Would "Nous ne  reconnaissons pas vous" be an acceptable alternative to "Nous ne vous reconnaissons pas" ? Why is ne..pas wrapped around two words in your sentence? 

Asked 6 months ago
CécileKwiziq team memberCorrect answer

Hi Andrea, 

I am afraid not.

This is to do with the position of the object pronoun 'vous' which precedes the verb in Fench.

Take a look at the following Kwiziq lesson which will give you further examples -

https://french.kwiziq.com/revision/grammar/position-of-object-pronouns-in-negative-sentences-direct-and-indirect-pronouns

 

Hope this helps!

Dr MichaelC1Kwiziq community member

Bonjour Andrea, le « ne...pas » must include the direct pronoun « vous » and the verb.  Even if the direct pronoun is « le » ou « la » ou « les » ou « me, te, nous, vous », all pronouns before the verb have the ne before the pronouns and the « pas » after the verb.  In some cases, some verbs have 2 pronouns before the verb.  With these cases the « ne...pas ». Is wrapped around all 3 words, the 2 pronouns and the verb.  An example of that is:   1.  Je te l’explique. .>>> Je ne te l’explique pas.

In the past tense:     2.  Je te l’ai expliqué.>>> Je ne te l’ai pas expliqué.  In the passé composé, the ne pas wraps around the 1 or 2 pronouns and the helping verb (avoir in this example) and not the participe passé of the main verb, expliquer, in this example. 

If you have a question, please ask...J’espère que tu m’as compris.

Bonne journée...

Negation in sentence above

Would "Nous ne  reconnaissons pas vous" be an acceptable alternative to "Nous ne vous reconnaissons pas" ? Why is ne..pas wrapped around two words in your sentence? 

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CaroleC1Kwiziq community member

conduite vs conduire

In this sentence: Vous comparaissez devant le tribunal pour conduite en état d'ivresse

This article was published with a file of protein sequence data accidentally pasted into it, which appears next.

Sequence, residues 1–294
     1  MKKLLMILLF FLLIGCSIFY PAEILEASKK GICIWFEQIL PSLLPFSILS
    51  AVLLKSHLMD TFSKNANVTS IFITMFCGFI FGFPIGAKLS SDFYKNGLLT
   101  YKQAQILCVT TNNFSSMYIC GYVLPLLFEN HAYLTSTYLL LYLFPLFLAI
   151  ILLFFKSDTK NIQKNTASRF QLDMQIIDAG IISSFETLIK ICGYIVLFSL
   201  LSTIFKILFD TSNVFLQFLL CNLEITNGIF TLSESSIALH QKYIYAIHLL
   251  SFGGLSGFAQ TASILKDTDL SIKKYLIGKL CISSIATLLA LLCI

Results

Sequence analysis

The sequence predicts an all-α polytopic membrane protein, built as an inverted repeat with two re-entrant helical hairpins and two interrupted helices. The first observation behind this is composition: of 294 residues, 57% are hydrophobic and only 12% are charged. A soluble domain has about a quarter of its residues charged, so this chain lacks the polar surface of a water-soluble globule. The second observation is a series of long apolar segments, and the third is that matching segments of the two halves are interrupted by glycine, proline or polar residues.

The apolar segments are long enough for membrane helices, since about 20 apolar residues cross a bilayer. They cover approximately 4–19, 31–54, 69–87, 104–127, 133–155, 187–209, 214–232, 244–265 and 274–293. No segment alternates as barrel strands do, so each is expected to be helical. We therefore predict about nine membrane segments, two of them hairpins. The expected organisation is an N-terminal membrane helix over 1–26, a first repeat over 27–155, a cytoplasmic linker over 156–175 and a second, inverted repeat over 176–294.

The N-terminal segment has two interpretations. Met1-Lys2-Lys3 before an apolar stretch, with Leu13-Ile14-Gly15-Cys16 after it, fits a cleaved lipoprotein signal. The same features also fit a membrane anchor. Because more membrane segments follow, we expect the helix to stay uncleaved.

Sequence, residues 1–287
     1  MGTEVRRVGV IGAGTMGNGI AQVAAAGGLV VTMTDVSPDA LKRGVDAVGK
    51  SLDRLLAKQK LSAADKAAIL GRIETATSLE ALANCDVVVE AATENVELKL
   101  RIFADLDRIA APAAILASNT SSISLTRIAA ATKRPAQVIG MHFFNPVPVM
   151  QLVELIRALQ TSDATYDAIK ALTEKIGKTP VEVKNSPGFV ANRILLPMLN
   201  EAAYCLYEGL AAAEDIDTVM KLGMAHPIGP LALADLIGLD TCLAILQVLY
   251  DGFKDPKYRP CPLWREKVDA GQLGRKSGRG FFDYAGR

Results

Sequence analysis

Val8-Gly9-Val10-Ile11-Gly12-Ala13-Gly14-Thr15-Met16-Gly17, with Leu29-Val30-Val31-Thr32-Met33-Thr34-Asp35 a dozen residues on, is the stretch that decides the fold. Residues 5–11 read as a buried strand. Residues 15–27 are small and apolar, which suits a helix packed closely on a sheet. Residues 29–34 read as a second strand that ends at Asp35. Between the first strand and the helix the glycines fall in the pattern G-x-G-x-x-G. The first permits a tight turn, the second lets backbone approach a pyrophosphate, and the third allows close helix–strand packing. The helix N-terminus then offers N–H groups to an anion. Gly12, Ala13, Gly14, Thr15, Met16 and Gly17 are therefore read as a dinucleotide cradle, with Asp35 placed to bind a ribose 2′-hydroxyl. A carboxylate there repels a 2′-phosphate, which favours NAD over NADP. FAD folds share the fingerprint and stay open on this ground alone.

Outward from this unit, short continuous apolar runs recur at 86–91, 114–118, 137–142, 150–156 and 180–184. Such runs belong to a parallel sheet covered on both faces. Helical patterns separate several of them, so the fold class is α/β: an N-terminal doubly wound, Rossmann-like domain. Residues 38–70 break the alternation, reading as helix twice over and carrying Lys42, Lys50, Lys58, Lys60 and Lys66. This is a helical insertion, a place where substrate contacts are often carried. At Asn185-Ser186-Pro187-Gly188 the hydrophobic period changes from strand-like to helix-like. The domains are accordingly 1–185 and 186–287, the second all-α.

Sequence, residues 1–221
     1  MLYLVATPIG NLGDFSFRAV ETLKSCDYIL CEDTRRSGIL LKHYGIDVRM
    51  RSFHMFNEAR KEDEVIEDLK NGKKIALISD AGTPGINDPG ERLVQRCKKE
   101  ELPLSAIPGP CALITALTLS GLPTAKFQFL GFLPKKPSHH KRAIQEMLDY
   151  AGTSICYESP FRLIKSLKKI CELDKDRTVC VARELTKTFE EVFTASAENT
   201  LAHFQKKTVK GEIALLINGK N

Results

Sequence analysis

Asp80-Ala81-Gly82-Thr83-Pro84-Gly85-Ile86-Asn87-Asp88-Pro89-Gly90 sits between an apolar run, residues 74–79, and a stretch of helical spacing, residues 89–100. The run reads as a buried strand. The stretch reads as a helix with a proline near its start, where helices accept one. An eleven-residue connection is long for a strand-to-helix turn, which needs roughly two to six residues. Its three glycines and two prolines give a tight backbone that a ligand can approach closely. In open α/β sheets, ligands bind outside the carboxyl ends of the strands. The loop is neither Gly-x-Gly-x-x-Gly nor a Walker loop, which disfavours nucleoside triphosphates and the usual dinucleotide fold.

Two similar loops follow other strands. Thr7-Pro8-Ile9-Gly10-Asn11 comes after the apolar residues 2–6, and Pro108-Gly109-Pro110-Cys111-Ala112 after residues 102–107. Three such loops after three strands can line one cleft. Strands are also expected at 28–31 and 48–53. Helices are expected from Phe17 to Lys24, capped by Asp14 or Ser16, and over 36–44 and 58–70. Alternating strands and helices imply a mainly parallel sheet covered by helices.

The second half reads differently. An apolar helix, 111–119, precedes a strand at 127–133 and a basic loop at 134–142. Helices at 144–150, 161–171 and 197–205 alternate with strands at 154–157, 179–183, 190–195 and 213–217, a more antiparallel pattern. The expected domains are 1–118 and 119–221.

why is it not "pour conduire"

Thank you.  

Asked 2 years ago
ChrisC1 Kwiziq Q&A super contributor

"Conduite" is a noun : the conduct. It is not the participle of conduire even if they look the same. 

AlanC1 Kwiziq Q&A super contributor
It's a noun, but in this context it means "driving" rather than "conduct".
AurélieKwiziq team member

Bonjour Alan !

Yes here it's the colloquial judicial expression : "la conduite en état d'ivresse" = driving under the influence.

Don't forget that in English the -ing form of a verb can often be used as a noun (his driving is quite chaotic).

Bonne journée !

AlanC1 Kwiziq Q&A super contributor
In French there seems to be a similar pattern - the feminine past participle can often be used as a noun, as in this case.
Dr MichaelC1Kwiziq community member

Bonjour Carole, the noun in French for driving is « la conduite ».  The sentence says ....for driving under the influence of alcohol.

If you wanted to say the similar idea using the verb conduire, it would use the past participle:  ....  pour avoir conduit en état d’ivresse; meaning for having driven under the influence of alcohol.

Tu comprends ces explications?  Sinon, écris-moi et j’essayerai de le mieux expliquer.  Bonne journée. 

conduite vs conduire

In this sentence: Vous comparaissez devant le tribunal pour conduite en état d'ivresse

why is it not "pour conduire"

Thank you.  

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DanielA2Kwiziq community member

disparaître (to disappear)

it has been mantioned twice on the same list.
Asked 2 years ago
DanielA2Kwiziq community member
mentioned... :)
AurélieKwiziq team member
Bonjour Daniel ! Thanks for reporting this typo, it's now been fixed thanks to you :) Merci et à bientôt !
Daniel asked:View original

disparaître (to disappear)

it has been mantioned twice on the same list.

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ImanA0Kwiziq community member

what is the difference between savoir and connaitre ?

Asked 3 years ago
AurélieKwiziq team member

Bonjour Iman,

Here's a link to our lesson addressing the difference of usage between connaître and savoir:
https://french.kwiziq.com/revision/grammar/connaitre-vs-savoir-to-know-something-to-know-how-to-do

I hope that's helpful!
À bientôt !

what is the difference between savoir and connaitre ?